The state’s voter registration system has logging capabilities to track modifications to the database.
The state’s voter registration system includes an intrusion detection system that monitors incoming and outgoing traffic for irregularities.
The state performs regular vulnerability assessments on its voter registration system.
The state has enlisted DHS to help assess and identify potential threats to its voter registration system.
Commonwealth employees are required to participate in cybersecurity training.
Electronic poll books are used by some, but not all, jurisdictions in the state.
Paper voter registration lists are available at polling places that use electronic poll books on Election Day.
Pre-election testing of electronic poll books is left up to the counties that use them.
Voter-verified paper audit trail: Unsatisfactory
Depending on the jurisdiction, some voters in Pennsylvania cast paper ballots, while others vote using paperless DRE machines. On February 9, Pennsylvania Gov. Wolf ’s administration ordered counties looking to replace voting systems to purchase machines with paper backups, though counties already using paperless DRE voting systems would still be allowed to repurchase that equipment, at least until they are decertified.
Post-election audits: Unsatisfactory
The state conducts mandatory post-election audits. However, Pennsylvania’s use of paperless DRE machines prevents it from carrying out audits that can confirm the accuracy of election outcomes.
The state’s post-election audits may be conducted by manual hand count or electronically through automated retabulation. In any case, votes must be audited by a different method from how they were initially tabulated. For example, if an audited ballot was initially counted by an optical scan machine, in the audit that ballot would have to be counted manually or by some other means.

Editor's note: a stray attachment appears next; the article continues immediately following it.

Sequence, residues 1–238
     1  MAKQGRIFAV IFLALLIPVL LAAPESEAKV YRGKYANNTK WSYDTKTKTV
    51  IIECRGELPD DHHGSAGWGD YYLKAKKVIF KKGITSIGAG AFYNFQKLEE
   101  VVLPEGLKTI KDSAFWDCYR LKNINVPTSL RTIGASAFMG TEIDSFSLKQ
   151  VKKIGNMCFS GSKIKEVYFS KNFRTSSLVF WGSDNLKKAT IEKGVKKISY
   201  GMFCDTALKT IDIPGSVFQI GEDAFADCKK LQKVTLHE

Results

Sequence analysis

Audits are carried out on at least 2 percent of votes cast or 2,000 votes total, whichever is fewer.
The ballots included in the audit are selected randomly.
There is no statutory requirement on whether all categories of ballots—regular, absentee, provisional, and UOCAVA—are eligible for auditing.
There is no statutory requirement on whether an audit escalates to include more ballots in the event that preliminary outcomes are found to be incorrect.
Audits are open to public observance.
Audits are carried out approximately 20 days before certification.
- We were told that although not explicitly required by law, counties are required during an audit to resolve any discrepancies identified. The resolution of the discrepancies could change election results.
Ballot accounting and reconciliation: Unsatisfactory
All ballots are accounted for at the precinct level.
Precincts are required to compare and reconcile the number of ballots with the number of voters who signed in at the polling place.
Counties are not explicitly required to compare and reconcile precinct totals with countywide results to ensure that they add up to the correct amount.
- There is no statutorily mandated review process to ensure that all voting machine memory cards have been properly loaded onto the tally server. While state law requires that election results be made public, it is unclear whether the same is true of information regarding ballot reconciliation processes and results.
Paper absentee ballots: Fair
- The state does not permit voters—including UOCAVA voters—to submit completed ballots electronically. All ballots must be returned by mail or delivered in person.
Voting machine certification requirements: Fair
Before they may be purchased and used in the state, all voting machines must be certified by the Election Assistance Commission.
Some jurisdictions in the state likely still use voting machines that were pur- chased more than a decade ago.
Pre-election logic and accuracy testing: Fair
Election officials conduct mandatory logic and accuracy testing on all voting machines prior to an election.
Testing is open to the public.
Testing is carried out at least four days before an election.